overview

  • I have the expertise and experience necessary to carry out the proposed research and to supervise undergraduate and graduate students. As the number of protein-based drugs, most of which contain disulfide bonds, increases, so does the need for the efficient production of proteins via in vitro protein folding. I have published numerous papers in the field of in vitro protein folding, including two in JACS, and I have written
    three review articles. My prior work on protein folding focused on the in vitro oxidative folding of disulfide containing proteins with aromatic thiols. We demonstrated that aromatic thiols could significantly improve the in vitro folding rate and yield of lysozyme and RNase A even at high protein concentration. However, to improve the in vitro protein folding further we needed to better understand the origins of the enhancements by investigating how these reagents affected the folding pathway. The folding pathway of bovine pancreatic trypsin inhibitor (BPTI) is arguably the best characterized of any system but prior work had focused on the pathway and not on the overall folding rate. Initially, we optimized the in vitro folding of reduced BPTI using the standard reagents glutathione disulfide (GSSG) and glutathione (GSH) and to our surprise found that previously disregarded pathways were likely important for efficient folding. Herein, we propose to confirm the importance of these pathways and then demonstrate strategies that further improve the folding rate of BPTI with GSSG and GSH, days to hours. Aromatic disulfides will then be used to develop strategies that minimize folding times even further. Strategies that improve in vitro protein folding have the potential to improve the production of an ever-expanding number of protein-based drugs and to address protein misfolding diseases.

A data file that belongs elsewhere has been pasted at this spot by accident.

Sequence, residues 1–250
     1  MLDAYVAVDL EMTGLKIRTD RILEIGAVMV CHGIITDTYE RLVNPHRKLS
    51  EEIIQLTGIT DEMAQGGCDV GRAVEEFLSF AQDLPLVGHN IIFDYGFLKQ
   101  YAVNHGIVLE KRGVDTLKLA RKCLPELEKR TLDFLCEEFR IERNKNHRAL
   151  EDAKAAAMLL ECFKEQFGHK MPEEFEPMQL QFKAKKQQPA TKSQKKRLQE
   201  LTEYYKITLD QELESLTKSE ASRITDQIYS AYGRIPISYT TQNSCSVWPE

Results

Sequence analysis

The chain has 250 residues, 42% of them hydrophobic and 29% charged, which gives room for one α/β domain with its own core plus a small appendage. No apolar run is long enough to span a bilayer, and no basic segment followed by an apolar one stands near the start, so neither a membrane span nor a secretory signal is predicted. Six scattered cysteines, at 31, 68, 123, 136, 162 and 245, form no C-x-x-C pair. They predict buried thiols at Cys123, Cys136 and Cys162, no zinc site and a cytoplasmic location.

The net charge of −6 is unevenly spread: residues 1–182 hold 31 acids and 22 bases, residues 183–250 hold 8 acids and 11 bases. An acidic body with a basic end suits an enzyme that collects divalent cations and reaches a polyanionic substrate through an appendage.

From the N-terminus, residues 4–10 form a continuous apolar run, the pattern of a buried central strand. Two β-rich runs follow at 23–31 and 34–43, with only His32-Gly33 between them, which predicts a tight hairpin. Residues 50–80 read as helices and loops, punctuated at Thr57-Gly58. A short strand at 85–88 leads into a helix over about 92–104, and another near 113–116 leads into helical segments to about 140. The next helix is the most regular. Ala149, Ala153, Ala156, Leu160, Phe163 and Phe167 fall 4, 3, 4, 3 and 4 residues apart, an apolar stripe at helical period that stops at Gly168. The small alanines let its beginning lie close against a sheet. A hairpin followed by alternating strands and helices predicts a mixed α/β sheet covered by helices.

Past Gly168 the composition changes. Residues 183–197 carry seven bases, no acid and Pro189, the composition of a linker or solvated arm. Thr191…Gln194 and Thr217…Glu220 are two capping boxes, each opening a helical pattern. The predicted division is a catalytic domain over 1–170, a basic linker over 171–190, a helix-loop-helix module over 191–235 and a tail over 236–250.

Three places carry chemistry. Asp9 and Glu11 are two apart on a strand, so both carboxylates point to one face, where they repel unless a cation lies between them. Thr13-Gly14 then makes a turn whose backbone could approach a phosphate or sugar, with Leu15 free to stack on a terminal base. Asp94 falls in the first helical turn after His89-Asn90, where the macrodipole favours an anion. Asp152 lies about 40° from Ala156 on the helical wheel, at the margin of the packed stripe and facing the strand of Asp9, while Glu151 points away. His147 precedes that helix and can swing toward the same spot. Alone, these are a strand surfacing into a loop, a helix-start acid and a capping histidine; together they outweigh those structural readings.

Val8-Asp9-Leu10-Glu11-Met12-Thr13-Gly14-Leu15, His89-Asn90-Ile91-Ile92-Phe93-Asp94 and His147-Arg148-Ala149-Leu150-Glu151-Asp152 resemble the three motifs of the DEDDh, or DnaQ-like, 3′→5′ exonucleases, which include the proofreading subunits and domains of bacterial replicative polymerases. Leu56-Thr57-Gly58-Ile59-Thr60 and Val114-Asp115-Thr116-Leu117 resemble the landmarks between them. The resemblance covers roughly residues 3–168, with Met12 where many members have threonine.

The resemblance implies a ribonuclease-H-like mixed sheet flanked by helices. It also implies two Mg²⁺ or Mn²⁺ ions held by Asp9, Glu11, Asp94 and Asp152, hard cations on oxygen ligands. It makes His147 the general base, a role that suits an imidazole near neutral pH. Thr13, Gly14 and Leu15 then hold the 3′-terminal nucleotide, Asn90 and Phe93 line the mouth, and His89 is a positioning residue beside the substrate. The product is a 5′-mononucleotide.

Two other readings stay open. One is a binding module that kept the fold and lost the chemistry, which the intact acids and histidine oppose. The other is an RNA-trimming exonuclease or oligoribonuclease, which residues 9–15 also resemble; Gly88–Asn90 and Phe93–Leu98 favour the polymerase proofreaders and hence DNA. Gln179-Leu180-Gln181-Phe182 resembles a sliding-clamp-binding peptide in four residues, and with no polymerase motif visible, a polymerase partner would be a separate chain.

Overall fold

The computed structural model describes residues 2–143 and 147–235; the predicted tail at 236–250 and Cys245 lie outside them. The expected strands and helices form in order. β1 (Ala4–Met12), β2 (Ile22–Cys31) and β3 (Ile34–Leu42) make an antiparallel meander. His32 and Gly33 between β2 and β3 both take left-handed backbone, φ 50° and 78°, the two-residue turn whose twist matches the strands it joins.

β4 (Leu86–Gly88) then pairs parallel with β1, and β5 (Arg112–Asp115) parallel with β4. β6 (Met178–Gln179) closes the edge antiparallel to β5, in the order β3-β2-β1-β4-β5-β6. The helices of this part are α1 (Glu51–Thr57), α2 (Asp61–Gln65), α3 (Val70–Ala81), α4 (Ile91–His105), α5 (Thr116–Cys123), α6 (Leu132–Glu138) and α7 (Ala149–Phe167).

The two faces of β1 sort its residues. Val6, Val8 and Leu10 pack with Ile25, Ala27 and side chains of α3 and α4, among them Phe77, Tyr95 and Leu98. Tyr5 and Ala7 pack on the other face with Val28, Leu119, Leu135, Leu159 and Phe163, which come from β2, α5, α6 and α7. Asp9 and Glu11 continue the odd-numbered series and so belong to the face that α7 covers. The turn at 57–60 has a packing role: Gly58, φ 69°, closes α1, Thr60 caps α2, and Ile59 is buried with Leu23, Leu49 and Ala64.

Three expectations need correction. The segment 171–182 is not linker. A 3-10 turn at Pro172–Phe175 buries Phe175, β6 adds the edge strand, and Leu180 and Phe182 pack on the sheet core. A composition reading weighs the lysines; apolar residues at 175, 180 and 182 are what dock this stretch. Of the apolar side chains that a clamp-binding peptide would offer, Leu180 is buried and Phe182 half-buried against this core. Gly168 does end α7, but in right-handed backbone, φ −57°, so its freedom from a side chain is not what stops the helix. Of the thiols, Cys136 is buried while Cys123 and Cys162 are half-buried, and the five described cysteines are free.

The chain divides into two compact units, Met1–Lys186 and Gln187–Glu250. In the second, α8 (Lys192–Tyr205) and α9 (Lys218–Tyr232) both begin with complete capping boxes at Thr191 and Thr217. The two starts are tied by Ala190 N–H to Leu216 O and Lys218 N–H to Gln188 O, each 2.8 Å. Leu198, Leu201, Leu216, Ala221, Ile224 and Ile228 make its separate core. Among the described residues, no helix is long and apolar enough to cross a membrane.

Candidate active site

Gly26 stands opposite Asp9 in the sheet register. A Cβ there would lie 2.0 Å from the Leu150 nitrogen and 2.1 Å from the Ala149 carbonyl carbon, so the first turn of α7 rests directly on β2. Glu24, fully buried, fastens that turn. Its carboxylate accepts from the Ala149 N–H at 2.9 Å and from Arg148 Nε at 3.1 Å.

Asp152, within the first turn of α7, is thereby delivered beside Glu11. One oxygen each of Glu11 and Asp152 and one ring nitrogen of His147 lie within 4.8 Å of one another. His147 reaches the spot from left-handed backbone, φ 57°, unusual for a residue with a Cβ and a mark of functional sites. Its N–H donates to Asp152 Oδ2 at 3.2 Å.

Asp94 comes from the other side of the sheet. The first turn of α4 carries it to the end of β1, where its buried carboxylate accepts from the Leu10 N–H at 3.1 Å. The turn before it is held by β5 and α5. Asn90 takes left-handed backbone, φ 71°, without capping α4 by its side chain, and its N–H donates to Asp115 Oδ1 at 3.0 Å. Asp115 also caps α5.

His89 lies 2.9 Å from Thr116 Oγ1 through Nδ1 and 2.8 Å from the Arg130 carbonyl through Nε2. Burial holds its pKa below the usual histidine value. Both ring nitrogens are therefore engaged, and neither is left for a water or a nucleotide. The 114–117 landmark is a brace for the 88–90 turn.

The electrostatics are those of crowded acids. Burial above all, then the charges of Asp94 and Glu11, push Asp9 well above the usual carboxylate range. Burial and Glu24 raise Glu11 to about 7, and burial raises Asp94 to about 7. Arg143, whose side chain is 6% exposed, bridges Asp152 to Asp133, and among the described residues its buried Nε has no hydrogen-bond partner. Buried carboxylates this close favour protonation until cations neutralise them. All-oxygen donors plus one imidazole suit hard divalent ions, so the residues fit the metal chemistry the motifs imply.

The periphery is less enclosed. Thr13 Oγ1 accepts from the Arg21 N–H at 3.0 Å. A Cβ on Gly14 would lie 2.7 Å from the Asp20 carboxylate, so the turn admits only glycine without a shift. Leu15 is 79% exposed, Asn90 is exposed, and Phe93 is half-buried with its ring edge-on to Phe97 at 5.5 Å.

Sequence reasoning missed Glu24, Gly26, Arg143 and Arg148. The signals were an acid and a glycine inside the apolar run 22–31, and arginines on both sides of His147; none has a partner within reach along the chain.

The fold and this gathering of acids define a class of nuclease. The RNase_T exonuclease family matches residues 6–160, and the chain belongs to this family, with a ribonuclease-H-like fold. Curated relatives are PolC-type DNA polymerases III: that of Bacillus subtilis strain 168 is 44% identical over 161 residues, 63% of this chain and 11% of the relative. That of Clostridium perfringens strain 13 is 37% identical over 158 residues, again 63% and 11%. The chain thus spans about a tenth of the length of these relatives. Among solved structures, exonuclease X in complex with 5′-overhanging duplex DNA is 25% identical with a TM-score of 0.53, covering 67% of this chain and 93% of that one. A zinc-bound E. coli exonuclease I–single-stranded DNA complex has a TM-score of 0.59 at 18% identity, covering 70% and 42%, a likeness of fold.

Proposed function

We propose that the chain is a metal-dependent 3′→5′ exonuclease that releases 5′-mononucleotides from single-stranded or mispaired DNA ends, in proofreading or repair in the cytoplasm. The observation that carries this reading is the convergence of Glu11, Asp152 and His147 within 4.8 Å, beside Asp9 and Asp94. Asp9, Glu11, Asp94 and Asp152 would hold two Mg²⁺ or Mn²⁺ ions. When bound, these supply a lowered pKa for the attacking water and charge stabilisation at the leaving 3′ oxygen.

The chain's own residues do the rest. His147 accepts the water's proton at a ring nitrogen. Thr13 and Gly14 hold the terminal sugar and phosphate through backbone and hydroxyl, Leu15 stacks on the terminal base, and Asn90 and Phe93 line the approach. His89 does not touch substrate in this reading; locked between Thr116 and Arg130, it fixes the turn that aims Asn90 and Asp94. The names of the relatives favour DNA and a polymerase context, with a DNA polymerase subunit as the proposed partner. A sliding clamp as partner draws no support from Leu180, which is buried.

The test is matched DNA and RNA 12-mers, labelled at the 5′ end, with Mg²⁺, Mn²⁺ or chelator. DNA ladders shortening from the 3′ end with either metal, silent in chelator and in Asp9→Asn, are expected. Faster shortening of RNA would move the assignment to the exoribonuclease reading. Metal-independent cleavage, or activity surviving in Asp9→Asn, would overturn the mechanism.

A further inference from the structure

I have a long and successful history of educating underrepresented students, including women, Hispanic and African American students. This commitment is represented in the composition of the undergraduate students in the research group. From 2004-2012, 24 undergraduate students were exposed to research in the Lees' group of which 54% were women, 58% were Hispanic and 8% were African American. These students have been coauthors on nine publications and gone on to pursue graduate degrees at Boston University, Duke, Michigan State, University of Mississippi etc., as well as pursuing professional degrees. In addition, during this time frame I have graduated 4 Masters students and 3 Ph.D. students and currently have 3 Ph.D. students in the laboratory. After graduation one of the graduate students obtained a job in academics (Univ. of Long Island) while the rest now work in the chemical/pharmaceutical industry. In summary, I have demonstrated the ability to perform productive research with graduate and undergraduate students and would like the opportunity to continue to do so.

selected publications

research interests

  • Organic Chemistry and Biochemistry
    The use of organic chemistry to study biochemical problems such the folding of disulfide containing proteins
    Many extracellular proteins and almost all pharmaceutically relevant proteins contain disulfide bonds. The folding of these proteins in vitro is slow and methods of increasing the folding rate are being investigated.

full name

  • Watson Lees

visualizations

Recent publications and grants in Scholars@FIU